As Hawaii reported a record number of COVID-19 cases, Gov. David Ige called it an “alarming” reminder that the pandemic is not over and warned the state may need to consider reimposing restrictions if hospitals become overwhelmed.

On Friday, the state announced its highest daily number of infections — 622 — since the pandemic began last year. Officials stressed that number included a backlog of cases due to lab reporting delays earlier this week.

However, even with the previous undercounts, Hawaii had an average daily case count of more than 300 over the last three days and a seven-day positivity rate of 5.1%, Department of Health director Dr. Libby Char said in a joint press conference with Ige.

“The trend is clearly increasing versus what it was a week ago, or two weeks ago, and that’s really what we’re most concerned about,” she said, adding that 25% of the recent cases were children.

Governor David Ige before the surge COVID-19 testing press conference. September 1, 2020
Gov. David Ige says he’s back to masking up and limiting his gatherings. Cory Lum/Civil Beat

Despite the spike in cases, officials announced no major changes in COVID-19 safety restrictions but warned that may change if the situation worsens.

“I can assure you, at the point that I believe the hospitals have more patients than they would be able to handle, then we would take specific action to restrict movements again as necessary,” Ige said without elaborating.

Hawaii also reported that three men, all with underlying conditions, had died from COVID-19, raising the total death toll during the pandemic to 537.

The Hawaii Emergency Management Agency reported that hospitals across the state are at about 60% ICU bed capacity with hundreds of ventilators still available.

Hilton Raethel, president of the Healthcare Association of Hawaii, cautioned that the numbers are not an accurate reflection of hospital capacity because they don’t account for staff shortages.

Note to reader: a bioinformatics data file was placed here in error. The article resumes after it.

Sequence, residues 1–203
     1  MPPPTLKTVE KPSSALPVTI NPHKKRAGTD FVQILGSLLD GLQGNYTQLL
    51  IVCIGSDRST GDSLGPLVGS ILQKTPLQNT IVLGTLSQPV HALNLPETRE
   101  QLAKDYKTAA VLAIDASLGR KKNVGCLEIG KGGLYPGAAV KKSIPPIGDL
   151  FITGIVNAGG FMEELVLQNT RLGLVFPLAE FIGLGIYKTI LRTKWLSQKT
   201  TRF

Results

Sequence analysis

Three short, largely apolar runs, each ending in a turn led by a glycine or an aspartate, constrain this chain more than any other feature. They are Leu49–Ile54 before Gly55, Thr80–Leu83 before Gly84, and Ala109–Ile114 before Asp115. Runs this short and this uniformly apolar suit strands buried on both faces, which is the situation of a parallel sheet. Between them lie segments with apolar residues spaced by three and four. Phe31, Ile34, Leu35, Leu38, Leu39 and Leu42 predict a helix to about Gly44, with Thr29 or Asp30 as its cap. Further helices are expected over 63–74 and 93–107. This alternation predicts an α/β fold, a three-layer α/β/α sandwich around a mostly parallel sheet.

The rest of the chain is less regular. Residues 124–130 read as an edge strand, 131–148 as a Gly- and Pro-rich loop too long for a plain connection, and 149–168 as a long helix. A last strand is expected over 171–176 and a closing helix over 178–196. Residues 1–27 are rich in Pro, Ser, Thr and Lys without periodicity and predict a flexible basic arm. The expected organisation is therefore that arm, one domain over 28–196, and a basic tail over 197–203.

Out of approximately 3,000 licensed beds across the state, Raethel said they only have staff for about 2,000.

“We’re very worried because hospitals are full anyway,” Raethel said. “So, we have plenty of ventilator capacity — that’s not the issue — and we also have ICU capacity. What we’re starting to run into is staffing capacity.”

Char said that cases will continue to climb if people continue to refuse vaccination, noting that most hospitalizations are patients who weren’t inoculated.

The Centers for Disease Control and Prevention published a new study showing that fully immunized people who catch the delta variant may transmit the coronavirus as easily as those without vaccinations.

But Char said the number of vaccinated people getting infected is relatively low in Hawaii.

“We’re seeing roughly six people out of 10,000 getting infected, if they’ve been fully vaccinated,” Char said. She added that for unvaccinated people, that number increases to about 300.

Mayor Rick Blangiardi said that Honolulu is at a crossroads and he’s now “seriously considering” vaccine mandates for city employees.

“We at the city are committed to be models of responsible citizenship and aloha and will take the lead in stopping the spread of the virus and variant for the sake of our island and our residents,” Blangiardi said in a press release.

Ige also said he is continuing discussion on whether to implement a vaccine mandate for state workers. Until then, he said he’ll be limiting his public gatherings and outings, encouraging the community to follow suit.

“That rapid increase in COVID cases, is what keeps hospital administrators and myself awake at night,” Ige said. “And the best way forward is for people to get vaccinated.”

Raethel, meanwhile, said health care workers are exhausted and burned out after a year and a half on the front lines of the pandemic. “Are we losing some people? Yes, we are,” he said.

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